As we evolved, we also got into agriculture and domesticating milk-producing animals such as goats or cows – gaining the ability to consume milk as adults. Our original state did not allow us to do that, but some individuals possessed a mutation wherein they would continue producing lactase as adults and thus allowing them to consume milk. In some cultures that trait was very valuable, resulting in increased survival and reproduction, so the trait became very common and eventually the norm. In other cultures the trait had no net gain and therefore does not propagate, and so not take hold.  What makes adult lactase production worthless for East Asians? It has to do with geography and available sources of calcium and vitamin D.

You need calcium in your diet. You can get that calcium from dairy products (milk, yogurt, cheese), or tofu, sardines and leafy green vegetables. To make use of calcium your body also needs either vitamin D or lactose. You can get vitamin D from salmon, sardines, milk, tuna, eggs, or Shiitake mushrooms …or your body can make it when exposed to sunlight. Without vitamin D, lactose assists with the use of calcium. So, cultures with easy access to leafy greens plus sunlight or fish, calcium is taken care of and milk has no advantage. Cultures without access to leafy greens, sunlight or seafood need dairy either as a source of calcium, lactose, or both.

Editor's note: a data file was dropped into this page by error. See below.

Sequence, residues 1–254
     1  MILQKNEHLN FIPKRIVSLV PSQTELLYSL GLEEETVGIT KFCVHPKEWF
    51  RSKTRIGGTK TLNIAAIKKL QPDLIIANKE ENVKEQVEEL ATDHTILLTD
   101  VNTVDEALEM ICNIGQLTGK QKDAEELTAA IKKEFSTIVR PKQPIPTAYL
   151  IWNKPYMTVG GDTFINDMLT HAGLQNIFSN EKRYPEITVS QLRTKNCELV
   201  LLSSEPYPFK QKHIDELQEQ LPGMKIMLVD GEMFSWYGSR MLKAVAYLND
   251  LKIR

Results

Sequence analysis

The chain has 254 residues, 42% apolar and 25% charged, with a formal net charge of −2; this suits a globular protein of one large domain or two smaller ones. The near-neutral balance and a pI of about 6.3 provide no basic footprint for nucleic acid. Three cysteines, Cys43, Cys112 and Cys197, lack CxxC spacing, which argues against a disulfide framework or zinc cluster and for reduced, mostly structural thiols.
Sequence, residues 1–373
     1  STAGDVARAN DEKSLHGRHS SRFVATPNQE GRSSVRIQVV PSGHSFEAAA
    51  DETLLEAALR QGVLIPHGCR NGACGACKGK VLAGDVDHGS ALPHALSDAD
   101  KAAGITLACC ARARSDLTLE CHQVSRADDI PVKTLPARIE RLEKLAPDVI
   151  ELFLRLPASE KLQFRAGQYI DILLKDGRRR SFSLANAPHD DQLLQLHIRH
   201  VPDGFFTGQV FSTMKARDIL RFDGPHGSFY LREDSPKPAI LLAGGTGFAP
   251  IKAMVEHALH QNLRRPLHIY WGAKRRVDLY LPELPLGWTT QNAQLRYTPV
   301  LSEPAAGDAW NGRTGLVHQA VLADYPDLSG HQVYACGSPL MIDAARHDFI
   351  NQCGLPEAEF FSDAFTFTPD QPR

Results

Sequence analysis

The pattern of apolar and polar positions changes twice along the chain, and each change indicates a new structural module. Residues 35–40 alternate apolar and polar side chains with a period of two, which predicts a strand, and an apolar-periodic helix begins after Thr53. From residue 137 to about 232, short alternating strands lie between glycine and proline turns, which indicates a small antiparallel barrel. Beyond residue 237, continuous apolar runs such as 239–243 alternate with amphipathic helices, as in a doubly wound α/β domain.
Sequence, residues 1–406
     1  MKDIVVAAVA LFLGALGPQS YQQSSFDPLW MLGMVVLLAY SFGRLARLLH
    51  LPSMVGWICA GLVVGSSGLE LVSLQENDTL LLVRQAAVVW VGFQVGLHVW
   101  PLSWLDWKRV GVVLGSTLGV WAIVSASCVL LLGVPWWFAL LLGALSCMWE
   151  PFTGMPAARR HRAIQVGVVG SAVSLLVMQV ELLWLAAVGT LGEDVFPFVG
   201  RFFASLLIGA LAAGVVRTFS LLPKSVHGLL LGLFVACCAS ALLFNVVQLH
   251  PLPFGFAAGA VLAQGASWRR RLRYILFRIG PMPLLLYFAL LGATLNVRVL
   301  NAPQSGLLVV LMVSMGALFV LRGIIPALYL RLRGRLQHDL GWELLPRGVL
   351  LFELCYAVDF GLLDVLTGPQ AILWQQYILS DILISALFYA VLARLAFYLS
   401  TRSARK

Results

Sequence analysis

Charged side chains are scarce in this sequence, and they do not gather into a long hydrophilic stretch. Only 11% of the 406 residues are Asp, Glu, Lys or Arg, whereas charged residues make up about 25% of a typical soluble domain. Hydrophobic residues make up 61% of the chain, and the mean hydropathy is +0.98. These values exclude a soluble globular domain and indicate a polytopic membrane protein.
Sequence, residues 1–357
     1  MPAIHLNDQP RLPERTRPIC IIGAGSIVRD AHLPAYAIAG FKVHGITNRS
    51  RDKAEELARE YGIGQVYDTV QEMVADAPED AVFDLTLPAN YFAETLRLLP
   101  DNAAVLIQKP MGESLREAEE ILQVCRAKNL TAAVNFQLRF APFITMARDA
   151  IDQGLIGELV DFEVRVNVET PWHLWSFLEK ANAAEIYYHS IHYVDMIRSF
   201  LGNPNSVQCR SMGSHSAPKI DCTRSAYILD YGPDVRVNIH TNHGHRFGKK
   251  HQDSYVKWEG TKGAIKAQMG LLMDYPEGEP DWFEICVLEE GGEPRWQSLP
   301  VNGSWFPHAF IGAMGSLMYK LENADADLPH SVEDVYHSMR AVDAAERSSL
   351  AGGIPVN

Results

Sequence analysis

There is a difference between dairy that’s fermented (yogurt or most cheese) or unfermented (straight up milk). Fermented dairy products still have the calcium, but the lactose is broken down into simpler sugars, so lactase is not necessary to digest it. I suggest a study with a sample of at least 10 lactose intolerant people to test various fermented dairy products… and only one bathroom.   You could call the paper “Insane in the Methane”…  A culture with access to fish or sunlight but not leafy greens would benefit greatly from keeping dairy animals, but don’t benefit from still creating lactase as adults. They consume the milk as yogurt or cheese to get all the calcium they need and make use of that calcium, thanks to vitamin D.